Empowering Noble Leaders: Service Learning and Community Engagement

Posted by Dr. Kristin Joos and Liz Harlan on Mon, Feb 17, 2014 @ 01:00 PM

Empowering NobleLeaders through Service Learning and Community Engagement

Hello NobleHour community! We're happy to announce that Dr. Kristin Joos, UF faculty-member, and recent college graduate and service-oriented young professional, Liz Harlan, have teamed up to write for our new “Empowering NobleLeaders” blog series. They both found their passions through service learning and community engagement and are eager to educate, inspire, and empower others to do the same. This first post introduces Kristin and Liz, as well as the topics they'll be covering in upcoming blog posts. We're excited to have them on board. Welcome, Kristin and Liz!

A bit about Kristin:

I am the Coordinator of the Innovative Sustainability & Social Impact Initiative in the Center for Entrepreneurship & Innovation in the Warrington College of Business at the University of Florida. I also direct the Young Entrepreneurs for Leadership & Sustainability High School Summer Program at UF, the only summer program in existence where college-bound high school students learn and practice the skills of successful business and community leaders, while being inspired to solve social, environmental, and economic problems. 

As a high school student I participated in a youth organization where I learned the importance of community engagement; I was inspired by the director, a social entrepreneur, who challenged youth to risk their dreams and make a positive impact on society. We were exposed to a plethora of social problems and were encouraged to be part of the solutions. When I was 16 years old I was asked to speak in front of an audience of 2000+ people. I opened my speech with “So many times there is no peace outside our windows: extinction, pollution, unemployment, homelessness, racism, discrimination, disease, neglect, abuse... in our society the list goes on and on...” After early-admitting to college later that year, I decided not only did I want to learn how to solve social problems, I could have a bigger impact on the world if I educated others to do so as well.

I first learned of Social Entrepreneurship in 2000 when attending a conference for an international NGO, and met an Ashoka Fellow. At the time, I was completing my dissertation and studying high achieving teenagers who aspired to make a difference in their communities and the world. From then on, I was committed to dedicating my professional career to educating, inspiring, and empowering students to become changemakers. In 2005, I brought Social Entrepreneurship to UF. My current research and applied interests center around social entrepreneurship, sustainability, corporate social responsibility, service learning and community service, civic engagement, and creating positive social change. I am passionate about teaching and empowering students to use the skills and strategies of business to create innovative and sustainable solutions to social, environmental, and economic problems locally and around the world.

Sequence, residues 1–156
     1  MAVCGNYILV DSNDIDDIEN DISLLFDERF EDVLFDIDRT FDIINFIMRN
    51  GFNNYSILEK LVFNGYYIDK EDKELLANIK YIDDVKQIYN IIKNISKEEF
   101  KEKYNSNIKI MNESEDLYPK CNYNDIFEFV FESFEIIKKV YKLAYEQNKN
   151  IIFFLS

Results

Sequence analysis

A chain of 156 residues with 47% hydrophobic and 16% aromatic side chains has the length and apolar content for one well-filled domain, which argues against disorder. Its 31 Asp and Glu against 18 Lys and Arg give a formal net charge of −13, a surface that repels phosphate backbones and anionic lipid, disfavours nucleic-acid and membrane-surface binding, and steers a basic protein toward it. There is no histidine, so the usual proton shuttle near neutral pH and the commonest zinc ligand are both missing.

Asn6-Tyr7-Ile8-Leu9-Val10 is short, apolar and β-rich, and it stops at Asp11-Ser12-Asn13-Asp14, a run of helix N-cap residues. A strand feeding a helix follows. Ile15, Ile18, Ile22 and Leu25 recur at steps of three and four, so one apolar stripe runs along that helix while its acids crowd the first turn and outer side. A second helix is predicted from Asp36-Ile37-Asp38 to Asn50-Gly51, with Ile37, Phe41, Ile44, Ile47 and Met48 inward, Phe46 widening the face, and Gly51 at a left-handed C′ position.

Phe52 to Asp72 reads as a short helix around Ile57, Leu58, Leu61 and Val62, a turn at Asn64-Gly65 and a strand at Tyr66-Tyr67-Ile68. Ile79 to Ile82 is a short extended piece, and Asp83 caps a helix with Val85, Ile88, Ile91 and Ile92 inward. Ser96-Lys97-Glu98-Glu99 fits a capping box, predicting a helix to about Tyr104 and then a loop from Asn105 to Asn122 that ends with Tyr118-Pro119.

In 2006, I had the pleasure of being named Service Learning Professor of the Year at UF, because of the community service completed by my students. In fact, each year my students complete more than 1⁄4 of the UF President’s Goal of 1 Million minutes of service for all UF students. I am the author of Don't Just Count Your Hours, Make Your Hours Count: The Essential Guide to Volunteering & Community Service, a valuable resource for both service learning students and faculty and greatly appreciate the help of folks at the Corporation for National & Community Service, Campus Compact, and the National Youth Leadership Council.

I believe that education is a life-long process. In 2012 I participated in the International Social Entrepreneurship Programme at INSEAD. In 2013 I graduated from the AACSB PostDoc Bridge Program and was awarded Academic Scholar status. This spring, I will complete a Certificate in Social Entrepreneurship, sponsored by USASBE and the Kauffman Foundation and will also attend the Executive Program in Social Entrepreneurship at Stanford’s Graduate School of Business.

I delight in living in a historic home built in 1912. I find happiness in checking items off my never-ending to-do lists, practicing yoga, reading The Sun Magazine, supporting local farmers, learning to standup paddle board, and collecting quotable cards.

A bit about Liz: